Colonialism: Transimperial Cooperation and the European Idea (1880-1914)

Christian Methfessel and Florian Wagner Introduction Transimperial cooperation was the norm, rather than the exception in colonial history between the 1880s and 1914. European powers who conquered the world during this period were certainly rivals, but ultimately cooperated to uphold colonial domination and colonial rule. More importantly, the colonised did not respect imperial borders, and in crossing them, provoked transimperial reactions and coalitions. Anti-colonial movements, in particular, transgressed imperial borders to organise resistance. At the same time, anti-colonialists blamed Europeans for working together in organizing colonial domination and exploitation. Long before postcolonial theory exposed the uniformity of Western colonialism, the …

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Ideas of Europe within the ‘New Right’: The Case of Germany

Florian Greiner and Tobias Meßmer Introduction Today, the united Europe of the EU is generally associated with principles of liberal democracy but, historically speaking, this was by no means always the case: until the second half of the twentieth century, many conceptions of Europe exhibited traits that were authoritarian, anti-democratic, racist, hegemonic, and nationalistic. While these came into disrepute after 1945, numerous concepts and notions about Europe that build on these older traditions can still be found on the extreme political right, especially in recent years. These range from straightforward criticism of the EU to more positive attitudes towards Europe, …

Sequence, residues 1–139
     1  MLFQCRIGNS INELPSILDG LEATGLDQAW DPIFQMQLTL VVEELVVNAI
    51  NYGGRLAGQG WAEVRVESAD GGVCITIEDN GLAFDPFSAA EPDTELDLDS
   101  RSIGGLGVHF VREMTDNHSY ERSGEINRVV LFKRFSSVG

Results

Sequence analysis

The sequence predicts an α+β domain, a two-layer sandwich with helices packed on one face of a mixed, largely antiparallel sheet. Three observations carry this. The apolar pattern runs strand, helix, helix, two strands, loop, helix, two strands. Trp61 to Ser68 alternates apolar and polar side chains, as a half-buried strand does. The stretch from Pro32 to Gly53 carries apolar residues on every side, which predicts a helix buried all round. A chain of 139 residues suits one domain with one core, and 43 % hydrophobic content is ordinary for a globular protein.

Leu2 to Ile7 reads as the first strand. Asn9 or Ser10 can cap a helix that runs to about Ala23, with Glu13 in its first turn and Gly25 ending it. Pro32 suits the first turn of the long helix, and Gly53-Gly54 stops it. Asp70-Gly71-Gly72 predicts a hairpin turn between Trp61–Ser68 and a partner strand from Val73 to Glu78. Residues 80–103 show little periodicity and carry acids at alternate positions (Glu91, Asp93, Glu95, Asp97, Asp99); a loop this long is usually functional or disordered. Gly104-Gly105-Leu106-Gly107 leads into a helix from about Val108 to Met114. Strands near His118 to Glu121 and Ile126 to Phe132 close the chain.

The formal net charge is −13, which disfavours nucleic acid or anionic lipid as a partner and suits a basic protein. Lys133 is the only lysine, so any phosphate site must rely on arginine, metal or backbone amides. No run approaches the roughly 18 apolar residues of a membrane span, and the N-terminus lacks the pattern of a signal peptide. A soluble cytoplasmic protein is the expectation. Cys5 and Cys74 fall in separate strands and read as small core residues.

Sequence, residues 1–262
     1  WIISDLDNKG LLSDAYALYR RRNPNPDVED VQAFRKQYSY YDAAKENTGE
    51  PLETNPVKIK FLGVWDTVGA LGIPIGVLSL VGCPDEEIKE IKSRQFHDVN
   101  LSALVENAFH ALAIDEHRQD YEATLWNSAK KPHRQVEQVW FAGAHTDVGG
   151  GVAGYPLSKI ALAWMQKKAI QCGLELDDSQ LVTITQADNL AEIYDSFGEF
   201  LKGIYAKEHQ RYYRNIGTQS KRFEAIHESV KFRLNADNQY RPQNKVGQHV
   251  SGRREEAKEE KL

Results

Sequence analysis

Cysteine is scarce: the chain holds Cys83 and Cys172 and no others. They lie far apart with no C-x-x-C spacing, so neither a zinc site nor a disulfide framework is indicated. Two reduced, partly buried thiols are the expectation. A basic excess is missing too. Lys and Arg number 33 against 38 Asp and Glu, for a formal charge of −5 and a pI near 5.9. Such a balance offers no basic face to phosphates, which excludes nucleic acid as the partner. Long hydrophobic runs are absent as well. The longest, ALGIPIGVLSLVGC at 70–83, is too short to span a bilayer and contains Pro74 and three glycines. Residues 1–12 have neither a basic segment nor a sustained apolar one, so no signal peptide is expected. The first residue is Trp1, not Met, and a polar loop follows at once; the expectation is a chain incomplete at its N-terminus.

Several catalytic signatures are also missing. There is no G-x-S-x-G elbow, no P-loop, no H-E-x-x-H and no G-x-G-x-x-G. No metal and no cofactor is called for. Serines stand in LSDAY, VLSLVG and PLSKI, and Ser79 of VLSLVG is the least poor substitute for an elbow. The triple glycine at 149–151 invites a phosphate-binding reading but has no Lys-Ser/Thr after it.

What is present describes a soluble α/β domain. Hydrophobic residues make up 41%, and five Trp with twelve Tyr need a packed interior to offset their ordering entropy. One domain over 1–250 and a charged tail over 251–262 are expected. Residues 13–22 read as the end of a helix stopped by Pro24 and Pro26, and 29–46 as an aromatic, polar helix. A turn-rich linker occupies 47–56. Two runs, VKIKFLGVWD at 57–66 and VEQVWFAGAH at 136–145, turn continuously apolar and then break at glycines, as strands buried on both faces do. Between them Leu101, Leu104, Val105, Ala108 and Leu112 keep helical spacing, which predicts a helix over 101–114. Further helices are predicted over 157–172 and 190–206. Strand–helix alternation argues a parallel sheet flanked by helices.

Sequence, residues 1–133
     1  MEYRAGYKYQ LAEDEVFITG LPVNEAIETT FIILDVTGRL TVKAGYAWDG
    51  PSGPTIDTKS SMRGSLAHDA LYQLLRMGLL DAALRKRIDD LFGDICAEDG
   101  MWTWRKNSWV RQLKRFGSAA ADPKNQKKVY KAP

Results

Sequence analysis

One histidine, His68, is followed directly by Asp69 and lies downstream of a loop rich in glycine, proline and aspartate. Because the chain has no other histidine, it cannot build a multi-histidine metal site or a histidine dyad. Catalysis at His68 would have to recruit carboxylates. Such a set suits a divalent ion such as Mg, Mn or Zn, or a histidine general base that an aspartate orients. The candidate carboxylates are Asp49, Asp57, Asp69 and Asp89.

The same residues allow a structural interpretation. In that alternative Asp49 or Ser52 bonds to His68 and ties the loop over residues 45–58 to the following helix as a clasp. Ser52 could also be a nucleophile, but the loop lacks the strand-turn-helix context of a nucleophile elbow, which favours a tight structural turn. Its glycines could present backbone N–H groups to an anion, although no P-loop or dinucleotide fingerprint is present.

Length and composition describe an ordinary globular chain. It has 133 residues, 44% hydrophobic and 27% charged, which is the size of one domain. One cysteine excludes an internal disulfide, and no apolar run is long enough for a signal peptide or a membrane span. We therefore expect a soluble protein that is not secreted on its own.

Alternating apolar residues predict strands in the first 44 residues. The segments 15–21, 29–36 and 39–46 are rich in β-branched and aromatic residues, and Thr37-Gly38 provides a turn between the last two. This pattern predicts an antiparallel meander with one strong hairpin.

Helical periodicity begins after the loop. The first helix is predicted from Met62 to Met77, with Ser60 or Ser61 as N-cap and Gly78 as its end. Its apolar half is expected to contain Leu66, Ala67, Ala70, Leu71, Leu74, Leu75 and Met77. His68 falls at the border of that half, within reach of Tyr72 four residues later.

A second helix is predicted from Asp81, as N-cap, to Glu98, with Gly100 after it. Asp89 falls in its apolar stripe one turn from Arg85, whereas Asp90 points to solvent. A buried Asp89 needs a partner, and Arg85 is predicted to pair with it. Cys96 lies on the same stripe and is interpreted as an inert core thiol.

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Towards a Cultural-Historical Theory of European Integration

Peter Pichler Introduction When we speak of European integration, we usually refer to the European Union (Wiener et.al., 2019). Yet, cultural-historically, this is only half the story. As Kiran Klaus Patel has emphasised (Patel 2013, 2018), the EU (and its predecessors) has been one organisation of European integration among many, such as the European Free Trade Area (EFTA), the Council of Europe, and the Organization for Security and Cooperation in Europe (OSCE). Patel’s narrative of ‘provincialising European union’ (Patel 2013) provides a new perspective as it describes the EU as a contested entity in a pluralistic spectrum of historically varying …

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Mitteleuropa / Central Europe (1980s)

Florian Greiner Introduction The notion of Central Europe as an interconnected space is one of the oldest and most controversial European ideas. The term does not denote a set geographical entity but represents a political and cultural construct interpreted by Europeans in different ways at different times. For this reason, it seems more appropriate to use the German term Mitteleuropa with its strong political overtones, since historically, Mitteleuropa – in its various manifestations – has usually described a more or less pronounced German claim to power in certain parts of Europe (Le Rider 1994). This article analyzes the conditions and circumstances underlying the renaissance …

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